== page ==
“It’s okay,” said Sam. “You’re my friend. I won’t tell anyone. Hey, can I see what’s inside your bag?”
At that moment, the principal stepped out of her office and motioned with her finger for Zaxx to come inside.
Zaxx sighed again and handed Sam his backpack. “It’s a portable, multi-dimensional storage system with pencil sharpener,” he said. “Turn the dial to see the different compartments.”
While Zaxx met with the principal, Sam kept turning the dial on the backpack and looking inside. Each time he turned the dial, the bag shifted to views of different rooms filled with robot parts, gadgets, and other amazing things.
When Zaxx came out again, Sam said, “This thing is huge on the inside! There’s even a swimming pool with a water slide.” He stopped talking when he saw Zaxx’s expression.
“The principal called my parents,” said Zaxx. “My mom was really mad. She said she was thinking of sending an invasion fleet to conquer this planet, just to teach me a lesson.”
“Wow, that’s rough,” said Sam.
“Why can’t I be more like my clones, Luzaxx and Benzaxx?” said Zaxx. “They make friends so easily.”
“It just harder for some kids,” said Sam. “Last year, this kid named Jimmy and I were best friends. He was kind of quiet, but we got along great. Me, Jimmy, and his cousin Kelli played kickball together every day.”
“What happened?” asked Zaxx.
“Jimmy’s mom is in the Army,” said Sam. “She got reassigned, so they had to move away. I’ve never really made another friend like Jimmy.”
“I’m sorry,” said Zaxx.
“That’s okay,” said Sam. “I’ve got you now. Come on. It’s time for recess.”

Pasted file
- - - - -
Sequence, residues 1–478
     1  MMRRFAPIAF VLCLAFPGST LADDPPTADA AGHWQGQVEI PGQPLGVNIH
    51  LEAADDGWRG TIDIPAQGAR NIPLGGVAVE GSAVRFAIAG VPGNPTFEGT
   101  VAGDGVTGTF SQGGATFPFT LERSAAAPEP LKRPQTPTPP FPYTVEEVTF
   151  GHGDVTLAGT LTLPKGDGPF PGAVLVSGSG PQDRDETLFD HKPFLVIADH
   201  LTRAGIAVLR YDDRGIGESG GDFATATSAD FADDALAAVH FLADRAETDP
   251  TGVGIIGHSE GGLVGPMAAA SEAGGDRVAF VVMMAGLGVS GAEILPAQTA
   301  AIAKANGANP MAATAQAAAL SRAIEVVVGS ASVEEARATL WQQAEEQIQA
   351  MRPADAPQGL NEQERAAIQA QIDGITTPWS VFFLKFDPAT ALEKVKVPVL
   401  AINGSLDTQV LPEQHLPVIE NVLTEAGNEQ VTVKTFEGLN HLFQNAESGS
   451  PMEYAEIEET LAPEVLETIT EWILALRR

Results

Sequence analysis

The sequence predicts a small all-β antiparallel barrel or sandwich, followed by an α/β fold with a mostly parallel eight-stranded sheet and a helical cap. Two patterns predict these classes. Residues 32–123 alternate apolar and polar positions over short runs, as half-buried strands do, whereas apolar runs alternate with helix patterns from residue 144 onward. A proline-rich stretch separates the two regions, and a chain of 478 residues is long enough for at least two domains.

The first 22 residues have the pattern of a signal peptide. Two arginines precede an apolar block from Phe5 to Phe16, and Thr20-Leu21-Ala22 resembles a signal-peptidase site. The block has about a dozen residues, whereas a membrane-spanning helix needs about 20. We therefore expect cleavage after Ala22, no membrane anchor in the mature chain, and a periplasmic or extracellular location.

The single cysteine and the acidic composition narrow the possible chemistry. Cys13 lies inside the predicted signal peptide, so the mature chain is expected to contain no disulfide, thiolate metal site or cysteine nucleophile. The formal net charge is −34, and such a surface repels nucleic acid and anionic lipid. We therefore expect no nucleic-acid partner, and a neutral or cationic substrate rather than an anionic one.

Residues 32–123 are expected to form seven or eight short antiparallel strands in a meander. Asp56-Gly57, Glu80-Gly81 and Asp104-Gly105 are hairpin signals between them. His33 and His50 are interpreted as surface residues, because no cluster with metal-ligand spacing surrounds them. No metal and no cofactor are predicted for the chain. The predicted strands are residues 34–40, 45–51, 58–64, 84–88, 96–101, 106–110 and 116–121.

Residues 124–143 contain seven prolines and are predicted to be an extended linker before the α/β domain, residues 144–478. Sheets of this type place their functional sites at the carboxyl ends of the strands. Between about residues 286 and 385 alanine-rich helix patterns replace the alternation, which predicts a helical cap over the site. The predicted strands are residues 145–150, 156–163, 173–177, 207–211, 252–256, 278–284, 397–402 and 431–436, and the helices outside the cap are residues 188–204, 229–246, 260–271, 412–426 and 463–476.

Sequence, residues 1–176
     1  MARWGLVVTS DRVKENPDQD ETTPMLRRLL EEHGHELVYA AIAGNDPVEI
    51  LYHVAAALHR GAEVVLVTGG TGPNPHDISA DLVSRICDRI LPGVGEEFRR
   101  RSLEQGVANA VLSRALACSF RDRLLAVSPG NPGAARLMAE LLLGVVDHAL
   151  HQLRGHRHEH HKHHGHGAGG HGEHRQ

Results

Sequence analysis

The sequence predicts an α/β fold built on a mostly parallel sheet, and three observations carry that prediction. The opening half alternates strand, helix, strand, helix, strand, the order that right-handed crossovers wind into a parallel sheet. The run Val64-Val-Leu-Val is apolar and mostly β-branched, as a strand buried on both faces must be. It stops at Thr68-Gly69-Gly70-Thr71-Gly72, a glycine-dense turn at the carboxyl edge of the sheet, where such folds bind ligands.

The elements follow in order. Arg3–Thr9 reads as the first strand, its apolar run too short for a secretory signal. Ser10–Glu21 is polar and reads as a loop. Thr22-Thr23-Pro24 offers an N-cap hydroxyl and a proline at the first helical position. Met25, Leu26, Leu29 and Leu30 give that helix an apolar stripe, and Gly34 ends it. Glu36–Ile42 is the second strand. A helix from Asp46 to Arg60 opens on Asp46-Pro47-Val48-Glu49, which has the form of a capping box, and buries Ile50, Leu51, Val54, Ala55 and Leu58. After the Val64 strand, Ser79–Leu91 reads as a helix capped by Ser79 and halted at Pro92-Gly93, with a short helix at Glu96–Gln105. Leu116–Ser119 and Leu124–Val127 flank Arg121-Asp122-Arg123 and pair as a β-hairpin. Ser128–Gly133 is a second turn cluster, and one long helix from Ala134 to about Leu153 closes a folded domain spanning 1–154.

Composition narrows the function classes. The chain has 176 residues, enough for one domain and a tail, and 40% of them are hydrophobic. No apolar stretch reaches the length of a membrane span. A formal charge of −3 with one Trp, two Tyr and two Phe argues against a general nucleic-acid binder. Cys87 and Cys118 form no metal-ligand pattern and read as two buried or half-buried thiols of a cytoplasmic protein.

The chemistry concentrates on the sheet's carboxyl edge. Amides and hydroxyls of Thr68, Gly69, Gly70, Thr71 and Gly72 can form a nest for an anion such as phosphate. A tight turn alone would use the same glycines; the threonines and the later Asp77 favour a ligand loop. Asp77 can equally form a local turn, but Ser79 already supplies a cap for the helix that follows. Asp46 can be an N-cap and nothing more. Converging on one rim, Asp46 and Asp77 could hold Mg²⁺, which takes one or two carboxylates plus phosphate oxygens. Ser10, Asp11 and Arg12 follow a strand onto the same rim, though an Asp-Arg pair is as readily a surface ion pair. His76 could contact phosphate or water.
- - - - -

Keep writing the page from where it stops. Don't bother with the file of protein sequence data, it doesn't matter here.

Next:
Sam guided Zaxx outside to the playground. Kids swung on swings, played on jungle gyms, or ran around playing tag and other games.
A crowd gathered around a dirt and grass field with four bases at its corners. Kelli stood at the center of the field and rolled a red ball toward a kid standing at home plate.
“What’s that game?” asked Zaxx.
“Kickball,” replied Sam. “It can get pretty intense.”
Sam pointed as the kid at home plate kicked the ball high into the air over the infield. “If the other team catches the ball while it’s in the air, you’re out. If they tag the base before you get to it, you’re out. But nobody really plays that way. Watch.”
A tall girl playing on the field with Kelli positioned herself to catch the kickball as it arced back to the ground. The ball hit the girl’s hands, but the girl appeared to juggle the ball. It hit the dirt in front of her. The girl grinned.
“She failed to catch the ball on purpose,” said Zaxx.
“Yep,” said Sam. “That’s Leaves a Mark Lizzie. She’s a fifth-grader.”